There were no significant effects of orthographic typicality (p > .05 uncorrected) in the LvOT ROIs (centered on [x = −48, y = −56, z = −16] and [x = −46, y = −64, z = −14]). There was, however, a significant typicality effect in the left anterior temporal ROI in the pseudoword context only (see bottom row of Figure 2) with a peak at [x = −46, y = 0, z = −34] and a Z score of 4.1 (p < .01 after small volume correction). This was not observed in the nonword context (p > .05 uncorrected); therefore, the effect of typicality interacted with context ([x = −46, y = 0, z = −34], Z score = 3.0, p < .05 after small volume correction). Although activation appears higher for pseudohomophones with atypical orthography than for the corresponding words in the same blocks (see bottom row of Figure 2), neither the three-way interaction nor the lexicality by typicality interaction was significant.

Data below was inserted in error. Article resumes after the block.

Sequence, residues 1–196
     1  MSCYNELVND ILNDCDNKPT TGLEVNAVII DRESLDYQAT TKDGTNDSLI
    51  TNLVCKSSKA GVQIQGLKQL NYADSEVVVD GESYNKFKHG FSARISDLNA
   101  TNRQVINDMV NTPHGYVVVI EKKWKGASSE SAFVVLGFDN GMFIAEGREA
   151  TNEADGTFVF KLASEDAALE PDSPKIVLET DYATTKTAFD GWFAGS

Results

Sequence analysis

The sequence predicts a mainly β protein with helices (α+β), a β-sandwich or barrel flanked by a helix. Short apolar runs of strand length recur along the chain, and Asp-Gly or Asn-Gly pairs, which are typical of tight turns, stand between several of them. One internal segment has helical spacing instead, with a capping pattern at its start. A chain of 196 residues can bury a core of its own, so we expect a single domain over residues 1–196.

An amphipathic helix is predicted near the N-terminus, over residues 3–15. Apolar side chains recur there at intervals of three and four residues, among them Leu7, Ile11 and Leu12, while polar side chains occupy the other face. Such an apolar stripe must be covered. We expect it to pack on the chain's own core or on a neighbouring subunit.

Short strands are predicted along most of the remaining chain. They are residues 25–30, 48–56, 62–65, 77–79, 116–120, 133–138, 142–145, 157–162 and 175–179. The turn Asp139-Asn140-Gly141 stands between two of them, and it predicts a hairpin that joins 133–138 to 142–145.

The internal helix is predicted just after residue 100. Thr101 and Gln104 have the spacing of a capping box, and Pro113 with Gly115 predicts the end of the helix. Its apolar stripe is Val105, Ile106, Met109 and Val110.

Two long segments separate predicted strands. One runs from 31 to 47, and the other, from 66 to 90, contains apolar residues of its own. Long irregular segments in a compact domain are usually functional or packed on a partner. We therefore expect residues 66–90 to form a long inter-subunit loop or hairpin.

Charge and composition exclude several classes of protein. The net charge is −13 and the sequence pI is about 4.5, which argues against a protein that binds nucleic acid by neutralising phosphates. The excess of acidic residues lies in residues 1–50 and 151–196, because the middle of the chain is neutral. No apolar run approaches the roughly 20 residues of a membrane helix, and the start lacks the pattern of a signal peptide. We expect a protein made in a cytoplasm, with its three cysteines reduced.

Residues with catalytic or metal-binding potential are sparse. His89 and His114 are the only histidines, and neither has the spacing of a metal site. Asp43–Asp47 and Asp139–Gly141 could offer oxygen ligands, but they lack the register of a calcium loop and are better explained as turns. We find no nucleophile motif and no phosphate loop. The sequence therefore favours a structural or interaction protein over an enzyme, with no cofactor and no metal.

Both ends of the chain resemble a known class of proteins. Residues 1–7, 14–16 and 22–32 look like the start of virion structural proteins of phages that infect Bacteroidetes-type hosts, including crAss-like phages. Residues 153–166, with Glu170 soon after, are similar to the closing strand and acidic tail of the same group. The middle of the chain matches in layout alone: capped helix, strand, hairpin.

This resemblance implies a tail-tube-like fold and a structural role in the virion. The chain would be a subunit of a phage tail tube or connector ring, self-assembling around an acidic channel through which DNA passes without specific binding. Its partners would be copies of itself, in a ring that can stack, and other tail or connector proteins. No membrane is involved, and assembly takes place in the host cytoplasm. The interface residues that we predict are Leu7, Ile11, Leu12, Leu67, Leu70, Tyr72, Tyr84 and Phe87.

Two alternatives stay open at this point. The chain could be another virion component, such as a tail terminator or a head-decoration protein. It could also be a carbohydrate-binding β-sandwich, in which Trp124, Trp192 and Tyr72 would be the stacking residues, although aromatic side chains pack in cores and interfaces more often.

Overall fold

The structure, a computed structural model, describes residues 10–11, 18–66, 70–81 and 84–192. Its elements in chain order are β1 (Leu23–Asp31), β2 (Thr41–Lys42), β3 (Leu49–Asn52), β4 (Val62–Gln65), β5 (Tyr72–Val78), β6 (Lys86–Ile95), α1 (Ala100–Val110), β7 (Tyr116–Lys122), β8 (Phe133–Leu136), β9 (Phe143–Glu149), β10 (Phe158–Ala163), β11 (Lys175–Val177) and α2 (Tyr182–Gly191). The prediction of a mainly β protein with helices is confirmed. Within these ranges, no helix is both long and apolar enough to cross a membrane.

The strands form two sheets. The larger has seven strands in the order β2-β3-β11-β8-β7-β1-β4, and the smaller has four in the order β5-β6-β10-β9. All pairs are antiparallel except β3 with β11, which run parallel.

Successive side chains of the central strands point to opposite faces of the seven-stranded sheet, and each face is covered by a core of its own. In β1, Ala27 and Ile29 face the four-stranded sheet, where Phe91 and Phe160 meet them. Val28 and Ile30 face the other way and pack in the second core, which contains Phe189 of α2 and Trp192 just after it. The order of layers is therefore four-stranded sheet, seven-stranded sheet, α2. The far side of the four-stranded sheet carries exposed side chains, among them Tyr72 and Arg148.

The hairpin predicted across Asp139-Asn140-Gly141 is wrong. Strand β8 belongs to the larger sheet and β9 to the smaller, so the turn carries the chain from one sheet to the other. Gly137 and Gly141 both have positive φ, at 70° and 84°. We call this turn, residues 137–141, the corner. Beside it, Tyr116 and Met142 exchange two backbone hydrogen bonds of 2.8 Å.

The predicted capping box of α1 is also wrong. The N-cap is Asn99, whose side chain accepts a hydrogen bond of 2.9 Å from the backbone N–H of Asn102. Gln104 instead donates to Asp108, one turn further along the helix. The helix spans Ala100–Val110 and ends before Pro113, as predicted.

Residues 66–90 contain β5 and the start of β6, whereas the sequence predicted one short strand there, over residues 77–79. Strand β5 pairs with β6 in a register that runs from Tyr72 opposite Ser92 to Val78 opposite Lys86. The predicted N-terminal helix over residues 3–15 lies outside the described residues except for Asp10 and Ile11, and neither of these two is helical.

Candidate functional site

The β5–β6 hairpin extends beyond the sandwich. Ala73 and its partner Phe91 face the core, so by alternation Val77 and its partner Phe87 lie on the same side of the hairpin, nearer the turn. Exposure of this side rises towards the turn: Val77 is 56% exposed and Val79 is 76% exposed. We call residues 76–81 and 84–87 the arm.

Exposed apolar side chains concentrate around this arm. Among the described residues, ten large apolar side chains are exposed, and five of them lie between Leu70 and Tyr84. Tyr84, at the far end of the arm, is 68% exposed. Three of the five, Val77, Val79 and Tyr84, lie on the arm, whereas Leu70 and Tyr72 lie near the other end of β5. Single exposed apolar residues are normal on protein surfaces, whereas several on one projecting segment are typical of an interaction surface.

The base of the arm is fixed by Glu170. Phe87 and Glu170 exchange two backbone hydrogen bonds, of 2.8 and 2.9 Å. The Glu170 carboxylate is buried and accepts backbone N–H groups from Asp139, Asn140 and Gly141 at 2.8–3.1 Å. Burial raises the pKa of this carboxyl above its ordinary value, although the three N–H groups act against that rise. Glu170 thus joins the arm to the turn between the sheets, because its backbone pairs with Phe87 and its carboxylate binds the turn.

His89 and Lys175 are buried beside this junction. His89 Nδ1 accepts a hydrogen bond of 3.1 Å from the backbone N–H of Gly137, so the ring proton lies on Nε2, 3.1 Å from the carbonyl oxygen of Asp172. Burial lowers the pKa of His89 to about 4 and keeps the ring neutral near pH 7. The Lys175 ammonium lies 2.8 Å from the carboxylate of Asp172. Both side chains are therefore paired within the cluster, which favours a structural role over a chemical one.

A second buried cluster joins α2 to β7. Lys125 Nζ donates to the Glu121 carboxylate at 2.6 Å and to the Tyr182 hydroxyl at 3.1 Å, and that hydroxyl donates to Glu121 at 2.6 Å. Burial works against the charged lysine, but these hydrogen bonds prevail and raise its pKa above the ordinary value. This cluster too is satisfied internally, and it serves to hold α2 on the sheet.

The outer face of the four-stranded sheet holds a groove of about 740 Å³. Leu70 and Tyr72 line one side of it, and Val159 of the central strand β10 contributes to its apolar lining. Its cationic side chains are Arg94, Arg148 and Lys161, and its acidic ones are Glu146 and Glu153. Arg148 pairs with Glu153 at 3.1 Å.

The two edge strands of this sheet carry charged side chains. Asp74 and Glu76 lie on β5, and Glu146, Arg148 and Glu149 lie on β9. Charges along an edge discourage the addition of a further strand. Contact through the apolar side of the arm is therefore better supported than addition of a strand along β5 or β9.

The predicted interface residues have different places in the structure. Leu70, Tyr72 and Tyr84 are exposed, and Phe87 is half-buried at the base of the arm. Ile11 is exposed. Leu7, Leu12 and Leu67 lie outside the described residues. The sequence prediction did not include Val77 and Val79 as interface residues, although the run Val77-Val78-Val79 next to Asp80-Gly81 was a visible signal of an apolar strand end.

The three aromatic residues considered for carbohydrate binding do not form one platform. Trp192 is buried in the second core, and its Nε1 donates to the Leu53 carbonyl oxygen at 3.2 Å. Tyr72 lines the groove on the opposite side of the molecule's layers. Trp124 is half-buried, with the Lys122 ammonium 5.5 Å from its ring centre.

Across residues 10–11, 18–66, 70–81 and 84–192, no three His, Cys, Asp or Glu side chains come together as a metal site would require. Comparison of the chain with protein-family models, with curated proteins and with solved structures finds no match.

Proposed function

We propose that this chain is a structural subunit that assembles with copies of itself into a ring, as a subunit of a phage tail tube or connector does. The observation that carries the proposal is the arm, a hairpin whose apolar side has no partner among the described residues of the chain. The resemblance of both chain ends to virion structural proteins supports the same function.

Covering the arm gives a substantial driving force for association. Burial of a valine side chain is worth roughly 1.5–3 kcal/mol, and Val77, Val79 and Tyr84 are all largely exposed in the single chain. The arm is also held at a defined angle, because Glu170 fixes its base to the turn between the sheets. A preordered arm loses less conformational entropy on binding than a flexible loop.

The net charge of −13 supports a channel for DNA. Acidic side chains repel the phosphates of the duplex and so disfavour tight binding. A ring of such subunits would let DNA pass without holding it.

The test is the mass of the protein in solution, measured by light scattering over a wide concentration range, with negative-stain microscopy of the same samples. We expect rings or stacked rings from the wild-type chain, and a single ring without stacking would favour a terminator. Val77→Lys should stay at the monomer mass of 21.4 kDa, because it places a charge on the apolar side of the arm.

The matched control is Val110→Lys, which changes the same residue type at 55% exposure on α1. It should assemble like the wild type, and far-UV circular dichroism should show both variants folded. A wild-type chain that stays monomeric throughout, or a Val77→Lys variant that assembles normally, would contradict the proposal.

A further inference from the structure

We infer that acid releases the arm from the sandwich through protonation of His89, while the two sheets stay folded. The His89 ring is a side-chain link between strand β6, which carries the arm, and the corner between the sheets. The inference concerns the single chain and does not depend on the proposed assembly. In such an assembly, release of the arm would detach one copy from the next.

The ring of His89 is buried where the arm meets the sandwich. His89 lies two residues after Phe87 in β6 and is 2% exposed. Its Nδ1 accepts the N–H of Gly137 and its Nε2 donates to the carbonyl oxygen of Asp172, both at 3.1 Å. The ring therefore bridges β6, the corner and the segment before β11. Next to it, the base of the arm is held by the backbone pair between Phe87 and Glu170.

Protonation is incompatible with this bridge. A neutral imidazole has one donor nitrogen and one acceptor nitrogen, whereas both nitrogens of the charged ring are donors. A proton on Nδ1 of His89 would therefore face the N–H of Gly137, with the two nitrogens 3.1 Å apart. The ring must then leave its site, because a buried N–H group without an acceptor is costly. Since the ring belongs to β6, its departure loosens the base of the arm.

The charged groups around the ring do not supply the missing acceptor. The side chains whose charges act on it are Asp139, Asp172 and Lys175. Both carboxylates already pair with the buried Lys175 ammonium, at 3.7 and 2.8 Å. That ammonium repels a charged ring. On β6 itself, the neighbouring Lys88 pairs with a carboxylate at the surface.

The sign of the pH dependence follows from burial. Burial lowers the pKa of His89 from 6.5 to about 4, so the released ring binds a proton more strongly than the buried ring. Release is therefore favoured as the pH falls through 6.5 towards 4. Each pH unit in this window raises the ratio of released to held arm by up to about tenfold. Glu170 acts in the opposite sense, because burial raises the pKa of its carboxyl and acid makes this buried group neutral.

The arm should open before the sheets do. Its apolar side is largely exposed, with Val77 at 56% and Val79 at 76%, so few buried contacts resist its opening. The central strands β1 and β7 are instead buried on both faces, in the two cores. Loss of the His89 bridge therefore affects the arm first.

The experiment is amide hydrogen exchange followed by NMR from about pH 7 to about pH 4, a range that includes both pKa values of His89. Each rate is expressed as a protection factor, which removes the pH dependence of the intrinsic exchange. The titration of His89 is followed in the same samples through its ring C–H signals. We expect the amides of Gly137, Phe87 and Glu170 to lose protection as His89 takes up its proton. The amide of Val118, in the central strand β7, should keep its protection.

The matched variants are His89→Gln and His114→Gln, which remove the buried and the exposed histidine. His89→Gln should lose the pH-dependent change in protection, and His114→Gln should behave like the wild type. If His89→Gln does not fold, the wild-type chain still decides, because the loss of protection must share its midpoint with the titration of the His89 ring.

There were no other significant effects of orthographic typicality (typical > atypical or atypical > typical) in a whole-brain analysis or in our four ROIs. These null effects may be due to a lack of power, although we had sufficient power to replicate expected effects and identify a new effect of atypical versus typical orthography.

Orthographic Typicality versus Lexicality